Besides actually paying your taxes, one of the biggest tax related stresses for property managers involves 1099-MISC reporting. Property managers are required to issue a 1099-MISC tax form for any service provider or owner who receives more than $600 related to their rental business.
This tax season, the IRS requires everyone to provide a 1099-MISC to their recipients by Feb. 1, 2016 and to the IRS by March 31, 2016. The penalties for failing to file 1099s can be very expensive so it is important to understand your obligations when it comes to 1099 requirements for your rental business.
Why are 1099s necessary?
The IRS relies on 1099s to monitor income sources not recorded on a traditional W-2 form. W-2 forms report salaries and wages, and miscellaneous income is reported on a 1099 form. 1099s are an additional way for the IRS to capture an independent contractor’s income that might otherwise go unreported. While an independent contractor is required to honestly report all his earnings, the IRS relies on you to help reinforce the required income reporting information.
Who gets a 1099-MISC form?
- Owners – A property manager must use Form 1099-MISC to report rent paid over to the property owner in excess of $600 during the tax year.
- Independent Contractors – A property manager must use Form 1099-MISC to report funds in excess of $600 paid to any unincorporated vendor or service provider including:
- repair men
- Attorney fees to handle an eviction or collect unpaid rent (even if the legal services were provided by a corporation).
Basically, you must file a 1099-MISC form for anyone you paid more than $600 to in the course of a year that is NOT a corporation.
What information do I need to file a 1099?
For each individual you will file a 1099 for, you will need a:
- Tax ID Number – For individuals this is their social security number (SSN), and for businesses it’s their employer identification number (EIN).
- Address – For a copy of the 1099 to get sent to them, for their tax reporting requirements.
- Funds Paid – You will need to know the cumulative amount of money issued to the individual during the tax year.
Your owners’ and vendors’ tax ID number and address can be captured via a W-9 form. A W-9 form is an official IRS document used to request and certify a taxpayer’s identification number and address. It is always a good idea to require a vendor or owner to fill out a W-9 when you first engage in business with them so you do not have to scramble for this information come tax reporting time.
How do I file 1099s for my property management business?
1099s can be mailed or electronically filed with the IRS. If a business is submitting more than 250 1099 forms, they are required to do so electronically.
Property management software makes it easy for property managers to complete 1099s and meet your tax reporting requirements. Property management software should always have integrated accounting features that records owner and vendor payments made throughout the year and generates easy to read reports that summarize important tax reporting information. The right software will provide you with a way to file your reports online from your account (e-file) or print out a tax assistant report to give your CPA or use for manually filing 1099s.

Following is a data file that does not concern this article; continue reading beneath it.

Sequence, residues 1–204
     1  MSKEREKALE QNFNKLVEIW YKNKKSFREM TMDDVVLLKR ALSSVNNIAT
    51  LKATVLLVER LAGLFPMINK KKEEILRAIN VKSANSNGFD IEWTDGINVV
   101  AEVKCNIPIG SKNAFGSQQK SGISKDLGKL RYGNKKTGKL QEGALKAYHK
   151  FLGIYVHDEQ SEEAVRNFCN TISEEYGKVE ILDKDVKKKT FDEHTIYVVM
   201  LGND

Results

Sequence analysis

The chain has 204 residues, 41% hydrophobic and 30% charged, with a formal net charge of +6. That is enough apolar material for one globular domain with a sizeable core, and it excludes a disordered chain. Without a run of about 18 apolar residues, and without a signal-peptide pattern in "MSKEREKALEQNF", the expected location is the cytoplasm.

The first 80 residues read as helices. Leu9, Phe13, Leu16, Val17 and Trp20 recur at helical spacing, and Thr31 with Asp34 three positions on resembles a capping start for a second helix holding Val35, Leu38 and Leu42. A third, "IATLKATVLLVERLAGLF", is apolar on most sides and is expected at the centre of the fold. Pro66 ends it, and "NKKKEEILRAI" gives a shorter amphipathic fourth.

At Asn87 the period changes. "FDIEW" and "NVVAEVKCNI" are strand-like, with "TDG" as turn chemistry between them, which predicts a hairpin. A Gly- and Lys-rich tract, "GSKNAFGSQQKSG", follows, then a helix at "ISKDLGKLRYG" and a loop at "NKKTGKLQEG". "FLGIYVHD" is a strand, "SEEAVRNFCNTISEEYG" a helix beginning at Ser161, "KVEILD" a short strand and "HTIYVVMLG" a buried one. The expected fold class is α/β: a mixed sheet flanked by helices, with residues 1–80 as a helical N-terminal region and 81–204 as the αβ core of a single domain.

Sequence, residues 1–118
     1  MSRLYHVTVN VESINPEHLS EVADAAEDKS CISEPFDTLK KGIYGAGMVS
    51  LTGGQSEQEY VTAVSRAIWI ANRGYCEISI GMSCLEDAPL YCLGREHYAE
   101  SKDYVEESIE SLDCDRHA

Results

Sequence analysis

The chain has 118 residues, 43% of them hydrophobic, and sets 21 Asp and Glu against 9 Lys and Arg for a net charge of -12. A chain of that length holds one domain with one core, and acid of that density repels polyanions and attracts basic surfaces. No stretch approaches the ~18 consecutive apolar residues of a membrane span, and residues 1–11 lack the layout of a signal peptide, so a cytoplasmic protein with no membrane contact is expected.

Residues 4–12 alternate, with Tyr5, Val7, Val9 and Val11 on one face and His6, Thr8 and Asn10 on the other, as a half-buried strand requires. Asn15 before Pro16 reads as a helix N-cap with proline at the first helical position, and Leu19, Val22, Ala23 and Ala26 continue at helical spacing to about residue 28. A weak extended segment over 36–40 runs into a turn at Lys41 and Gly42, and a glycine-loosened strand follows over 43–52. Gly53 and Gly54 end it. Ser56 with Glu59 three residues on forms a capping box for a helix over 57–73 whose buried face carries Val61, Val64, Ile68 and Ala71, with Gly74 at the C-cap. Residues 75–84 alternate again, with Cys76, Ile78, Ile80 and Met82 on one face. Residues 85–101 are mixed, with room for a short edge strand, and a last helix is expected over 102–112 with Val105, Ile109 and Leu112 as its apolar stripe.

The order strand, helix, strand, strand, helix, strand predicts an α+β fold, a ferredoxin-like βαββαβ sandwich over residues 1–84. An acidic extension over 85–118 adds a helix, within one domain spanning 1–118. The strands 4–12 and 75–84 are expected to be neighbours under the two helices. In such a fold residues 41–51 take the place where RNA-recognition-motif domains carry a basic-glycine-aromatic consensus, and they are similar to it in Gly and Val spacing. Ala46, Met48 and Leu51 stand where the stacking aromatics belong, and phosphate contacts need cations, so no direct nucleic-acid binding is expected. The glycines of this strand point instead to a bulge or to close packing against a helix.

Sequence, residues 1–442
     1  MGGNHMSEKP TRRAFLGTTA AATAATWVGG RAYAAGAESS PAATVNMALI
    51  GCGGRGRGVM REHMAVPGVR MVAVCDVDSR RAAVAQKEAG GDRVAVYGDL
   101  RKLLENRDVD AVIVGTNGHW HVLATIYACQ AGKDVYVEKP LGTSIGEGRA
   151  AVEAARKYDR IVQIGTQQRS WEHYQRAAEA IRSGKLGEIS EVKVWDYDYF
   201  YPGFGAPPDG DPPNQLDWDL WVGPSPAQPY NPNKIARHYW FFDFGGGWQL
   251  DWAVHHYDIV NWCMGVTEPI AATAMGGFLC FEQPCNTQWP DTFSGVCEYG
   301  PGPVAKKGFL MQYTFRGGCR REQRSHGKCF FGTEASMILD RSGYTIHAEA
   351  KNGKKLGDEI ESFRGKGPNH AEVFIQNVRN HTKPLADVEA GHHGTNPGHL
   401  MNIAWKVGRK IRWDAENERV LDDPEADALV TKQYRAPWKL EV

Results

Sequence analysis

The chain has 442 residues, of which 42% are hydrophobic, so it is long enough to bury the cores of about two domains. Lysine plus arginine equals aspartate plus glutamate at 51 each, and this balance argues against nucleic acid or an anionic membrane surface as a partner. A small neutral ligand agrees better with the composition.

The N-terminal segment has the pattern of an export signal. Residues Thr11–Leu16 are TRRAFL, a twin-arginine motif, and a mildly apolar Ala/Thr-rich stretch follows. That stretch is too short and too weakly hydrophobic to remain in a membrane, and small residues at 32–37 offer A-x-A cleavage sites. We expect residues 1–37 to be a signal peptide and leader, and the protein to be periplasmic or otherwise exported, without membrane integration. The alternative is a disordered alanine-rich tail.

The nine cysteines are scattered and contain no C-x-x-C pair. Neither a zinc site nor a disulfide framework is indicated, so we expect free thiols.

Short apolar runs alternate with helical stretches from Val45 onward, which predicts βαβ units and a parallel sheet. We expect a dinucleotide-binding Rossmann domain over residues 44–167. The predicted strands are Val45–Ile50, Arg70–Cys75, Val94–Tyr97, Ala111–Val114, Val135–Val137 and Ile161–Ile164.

When do property managers NOT need to file a 1099?
There are a few exceptions to the 1099 requirements
- Exceptions regarding owner payments: 1099s need not be filed where the payee is a corporation. This means if a corporation owns the rental property, you do not need to submit a 1099 form regard payments made to the corporate owner.
- Expectations regarding vendor payments: The same holds true if you hire an incorporated business, instead of an unincorporated independent contractor, to perform maintenance, repair or other services on a client’s rentals.
These exception only apply to corporations, not to limited liability companies (which are very popular with both rental property owners and maintenance vendors).
What are 1099 requirements for rental owners?
If you self-manage your rental property you own, you may wonder about your 1099 requirements. Back in 2009, a clause in the Affordable Care Act required rental owners to report 1099-MISC income paid to service providers in relation to the rental property. In 2010, the clause was further clarified with the Small Business Jobs Act and the Health Care Reform Bill. BUT, by 2011 the requirement was repealed, making it not necessary for private landlords to file 1099s to vendors for work related to their own rental property.*
*The penalties for failing to file 1099 tax documents are high, so you should always speak with a tax professional who is familiar with rental real estate tax requirements if you have any questions or require further clarification.
Want to use Rentec Direct to electronically file your 1099 tax documents? It’s easy with the 1099 Tax Assistant and integrated e-file functions.